Because FTY720 has been suggested to increase the proportion of regulatory T cells (Tregs;11,12), we assessed whether a proportional increase in Tregs could account for the disease protection during treatment. Analysis of absolute numbers of Tregs showed that the total number of CD4+Foxp3+ cells decreased in the ILN and spleen but remained the same in the PLN (Table 1). The percentage of CD4+Foxp3+ cells in the pancreas remained the same; however, the absolute number of Tregs likely decreased in treated mice, suggesting that changes in Tregs were unlikely to be responsible for disease prevention.

In addition to inhibiting the migration of lymphocytes, FTY720 has also been suggested to have effects on dendritic cells (DCs;13). To test this hypothesis, we treated 16- to 18-week-old NOD mice with FTY720 for 10 days and analyzed the percentage of CD11c+ cells in the islets, PLNs, and ILNs as well as their expression of CD86, CD40, CD80, and I-Ag7 (major histocompatibility complex class II). The treatment did not affect the percentage of DCs or their maturation state in any tissue analyzed (supplementary Fig. 1), suggesting that disease protection observed during FTY720 treatment or disease acceleration observed after treatment withdrawal was not due to changes in DCs.

Analysis of tertiary lymphoid organs in the pancreas.

Because the total cell number in the PLN was unaffected by FTY720 treatment and a significant number of cells remained in the pancreas, it was unlikely that disease protection during FTY720 treatment could be attributed solely to a reduction in infiltrating cells. Therefore, we analyzed the effect of long-term FTY720 treatment on the structure and characteristics of TLOs. Because FTY720 blocks lymphocyte egress from the lymph nodes, we hypothesized that disease was prevented by inhibiting lymphocyte egress from the TLOs in the pancreas to the site of tissue destruction—the β-cells. First, we characterized the TLOs in pre-diabetic 8-week-old, nondiabetic 20-week-old and naturally diabetic mice by immunofluorescent staining of individual markers on consecutive pancreas sections using markers described in the “Research Design and Methods” section.

ERTR7 reactivity and CD31+ vessels were observed surrounding all islets and throughout the acinar tissue at all time points analyzed (Fig. 2,A and data not shown). In addition, ERTR7 reactivity was found within the infiltrate, suggesting that these structures have a supporting stromal network, as is seen in T-cell zones in the spleen and lymph nodes (14). However, although the results trend toward an increase in the association of the presence of MAdCAM+ or Lyve+ vessels and disease progression, these differences were not statistically significant (supplementary Fig. 2B). In addition, most infiltrates in both pre-diabetic and naturally diabetic mice contained PNAd+ HEVs (Fig. 2,D–G), suggesting that, like secondary lymphoid organs, these structures are capable of recruiting naive T-cells. Analysis of at least three consecutive sections showed that infiltrates of pre-diabetic 20-week-old mice were usually, but not always, associated with insulin-producing islets (Fig. 2,A and E). Although T- and B-cells were present in the pancreas of 8-week-old mice, only 15% (3/20) of infiltrates showed clear compartmentalization, whereas 89% (24/27) of infiltrates in 20-week-old mice showed distinct T- and B-cell zones. In the majority of these, the T-cell zone was closer to the islet, whereas the B-cell zone was on the edge of the infiltrate, reminiscent of lymph nodes (Fig. 2,A). Only 15% of infiltrates (3/19) in naturally diabetic mice showed T/B-cell compartmentalization, which correlated with an absence of insulin-positive islets that we attribute to destroyed β-cells (Fig. 2,B and G). However, β-cells may have been present but not producing insulin because of inflammation (15). True TLOs, defined as infiltrates with T/B compartmentalization and association with at least two of the vascular markers analyzed, were present in 15% (3/20) of infiltrates in 8-week-old mice, increasing to 81% (22/27) of infiltrates in 20-week-old mice but decreasing to only 26% (5/19) of infiltrates in naturally diabetic mice (Fig. 2 D–F). Therefore, TLOs peaked as a proportion of the infiltrate at the “peak” of the inflammatory response before diabetes onset.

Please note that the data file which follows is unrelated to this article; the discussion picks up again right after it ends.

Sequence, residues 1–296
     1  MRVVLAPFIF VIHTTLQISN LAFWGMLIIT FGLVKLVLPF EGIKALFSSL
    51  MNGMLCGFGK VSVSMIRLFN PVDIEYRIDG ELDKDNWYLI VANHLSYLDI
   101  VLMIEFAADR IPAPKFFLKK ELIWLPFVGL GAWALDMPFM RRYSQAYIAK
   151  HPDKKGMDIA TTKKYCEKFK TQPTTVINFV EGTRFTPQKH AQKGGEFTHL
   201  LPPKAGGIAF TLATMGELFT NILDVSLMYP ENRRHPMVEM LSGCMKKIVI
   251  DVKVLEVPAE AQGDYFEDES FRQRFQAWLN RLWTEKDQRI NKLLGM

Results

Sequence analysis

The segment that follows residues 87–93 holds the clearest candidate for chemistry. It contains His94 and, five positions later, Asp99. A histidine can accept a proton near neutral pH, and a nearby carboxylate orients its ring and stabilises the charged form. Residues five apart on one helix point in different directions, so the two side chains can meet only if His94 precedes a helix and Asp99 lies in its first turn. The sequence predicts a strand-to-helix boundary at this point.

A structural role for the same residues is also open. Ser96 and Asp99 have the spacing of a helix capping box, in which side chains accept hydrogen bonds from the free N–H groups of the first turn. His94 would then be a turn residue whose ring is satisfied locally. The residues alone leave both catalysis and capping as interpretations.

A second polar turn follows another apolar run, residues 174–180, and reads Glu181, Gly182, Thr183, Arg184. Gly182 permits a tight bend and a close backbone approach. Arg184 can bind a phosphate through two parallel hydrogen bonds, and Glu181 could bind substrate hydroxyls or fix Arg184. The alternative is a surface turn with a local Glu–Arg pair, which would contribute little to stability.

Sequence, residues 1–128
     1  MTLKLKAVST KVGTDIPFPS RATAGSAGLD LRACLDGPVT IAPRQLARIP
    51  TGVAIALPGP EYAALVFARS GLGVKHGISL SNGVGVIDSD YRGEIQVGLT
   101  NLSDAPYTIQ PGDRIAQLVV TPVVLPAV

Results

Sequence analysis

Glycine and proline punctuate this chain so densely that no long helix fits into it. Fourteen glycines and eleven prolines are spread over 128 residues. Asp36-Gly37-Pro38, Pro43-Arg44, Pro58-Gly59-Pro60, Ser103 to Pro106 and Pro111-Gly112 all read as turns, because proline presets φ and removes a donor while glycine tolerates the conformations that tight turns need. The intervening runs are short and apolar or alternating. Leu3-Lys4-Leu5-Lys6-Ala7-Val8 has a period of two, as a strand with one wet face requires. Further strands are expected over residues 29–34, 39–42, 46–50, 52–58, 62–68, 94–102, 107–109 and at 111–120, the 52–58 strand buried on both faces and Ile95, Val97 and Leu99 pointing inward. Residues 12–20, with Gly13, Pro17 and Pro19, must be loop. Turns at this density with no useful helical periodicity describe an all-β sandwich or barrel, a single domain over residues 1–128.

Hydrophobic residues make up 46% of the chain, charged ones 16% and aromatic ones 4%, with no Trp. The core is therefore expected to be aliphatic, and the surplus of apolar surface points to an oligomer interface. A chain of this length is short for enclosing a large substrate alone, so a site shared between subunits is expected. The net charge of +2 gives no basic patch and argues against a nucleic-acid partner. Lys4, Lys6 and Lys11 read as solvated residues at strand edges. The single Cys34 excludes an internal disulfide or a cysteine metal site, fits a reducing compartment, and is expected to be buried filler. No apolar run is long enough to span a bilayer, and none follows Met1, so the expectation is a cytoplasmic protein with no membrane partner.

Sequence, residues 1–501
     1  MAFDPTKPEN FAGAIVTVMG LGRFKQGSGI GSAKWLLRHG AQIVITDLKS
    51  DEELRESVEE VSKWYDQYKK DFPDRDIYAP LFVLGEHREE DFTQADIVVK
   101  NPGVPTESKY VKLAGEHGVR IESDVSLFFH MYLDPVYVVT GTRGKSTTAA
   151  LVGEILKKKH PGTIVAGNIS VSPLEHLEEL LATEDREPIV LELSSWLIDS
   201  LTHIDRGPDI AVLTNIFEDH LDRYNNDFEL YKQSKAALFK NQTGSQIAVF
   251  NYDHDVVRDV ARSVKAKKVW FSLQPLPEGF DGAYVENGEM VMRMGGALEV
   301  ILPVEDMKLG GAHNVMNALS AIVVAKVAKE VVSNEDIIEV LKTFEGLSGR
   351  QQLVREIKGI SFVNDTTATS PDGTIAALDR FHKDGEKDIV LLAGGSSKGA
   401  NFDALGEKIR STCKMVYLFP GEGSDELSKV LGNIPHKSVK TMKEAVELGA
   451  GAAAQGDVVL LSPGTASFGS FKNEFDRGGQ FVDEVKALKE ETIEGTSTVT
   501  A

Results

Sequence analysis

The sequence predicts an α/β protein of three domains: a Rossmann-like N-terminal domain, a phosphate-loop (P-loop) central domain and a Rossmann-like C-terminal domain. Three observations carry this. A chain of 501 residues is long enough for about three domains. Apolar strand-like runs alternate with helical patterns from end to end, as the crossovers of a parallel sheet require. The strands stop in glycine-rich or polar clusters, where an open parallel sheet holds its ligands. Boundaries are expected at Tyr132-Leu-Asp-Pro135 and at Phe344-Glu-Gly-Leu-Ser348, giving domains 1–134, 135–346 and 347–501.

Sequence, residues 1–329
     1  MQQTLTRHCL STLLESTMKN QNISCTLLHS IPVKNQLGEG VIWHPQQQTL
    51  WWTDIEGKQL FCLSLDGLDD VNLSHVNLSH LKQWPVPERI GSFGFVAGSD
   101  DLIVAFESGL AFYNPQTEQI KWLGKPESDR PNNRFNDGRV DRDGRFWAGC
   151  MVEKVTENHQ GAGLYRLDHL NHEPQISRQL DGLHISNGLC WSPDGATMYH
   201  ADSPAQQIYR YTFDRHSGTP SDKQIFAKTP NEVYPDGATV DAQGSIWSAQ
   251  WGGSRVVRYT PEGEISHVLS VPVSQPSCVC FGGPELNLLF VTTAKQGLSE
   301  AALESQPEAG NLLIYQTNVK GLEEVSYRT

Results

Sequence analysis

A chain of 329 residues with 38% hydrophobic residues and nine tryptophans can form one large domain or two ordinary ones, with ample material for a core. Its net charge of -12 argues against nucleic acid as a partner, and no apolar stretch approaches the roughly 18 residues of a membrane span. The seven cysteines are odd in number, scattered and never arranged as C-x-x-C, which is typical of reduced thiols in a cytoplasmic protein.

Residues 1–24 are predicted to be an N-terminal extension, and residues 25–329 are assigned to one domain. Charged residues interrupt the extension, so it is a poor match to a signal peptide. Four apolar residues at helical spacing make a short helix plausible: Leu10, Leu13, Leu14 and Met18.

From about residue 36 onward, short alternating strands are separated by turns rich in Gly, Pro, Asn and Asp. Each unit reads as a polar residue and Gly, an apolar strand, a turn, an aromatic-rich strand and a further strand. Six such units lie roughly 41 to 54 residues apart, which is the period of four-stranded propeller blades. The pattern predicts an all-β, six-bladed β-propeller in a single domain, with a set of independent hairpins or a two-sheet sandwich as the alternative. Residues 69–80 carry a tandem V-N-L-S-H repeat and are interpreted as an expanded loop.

We analyzed NOD.Rag2 knockout mice to assess whether the appearance of TLO markers was due to inflammation or a normal characteristic of the NOD pancreas (Fig. 2 C). As in NOD mice, there was ERTR7 reactivity and CD31+ vessels around islets and throughout the acinar tissue. MAdCAM+ and Lyve-1+ vessels were associated with 30 and 59% of islets, respectively, which is significantly lower than in mice with an intact immune system (supplementary Fig. 2B). There was no PNAd staining, suggesting an adaptive immune response was necessary for the development of HEVs in the pancreas (data not shown).

Analysis of FTY720-treated mice after 8–10 weeks of continuous treatment (20 weeks old) showed that the majority of the infiltration was associated with insulin-producing islets (Fig. 2,G). Moreover, the infiltrates in FTY720-treated mice showed a similar degree of organization, based on T/B compartmentalization (19/21), as age-matched untreated controls (Fig. 2,G). Similar to pre-diabetic and naturally diabetic mice, the TLOs in these mice had PNAd+ HEVs as well as Lyve-1+ and MAdCAM+ vessels (supplementary Fig. 2A). Analysis of mice on day 12 after FTY720 release, when 30–60% mice have become diabetic, showed that the infiltrates lose T/B compartmentalization and are similar to those of naturally diabetic mice; only 31% (5/16) of infiltrates were true TLOs based on our criteria (Fig. 2 H).

In an attempt to define TLOs in humans with type 1 diabetes, we analyzed pancreatic sections from four such patients obtained through JDRF's nPOD program (http://www.jdrfnpod.org). Although CD4+ T-cells and CD19+ B-cells were found surrounding insulin+ islets (supplementary Fig. 3), the cells were scattered and did not form large clusters as was observed in pre-diabetic and early-onset diabetic NOD mice. However, at present, we cannot distinguish whether the absence of TLOs in the human samples is due to temporal differences in sampling (i.e., the human tissues represented those obtained from individuals with longer disease duration than those we analyzed in NOD mice) or actual differences between the disease in the two species.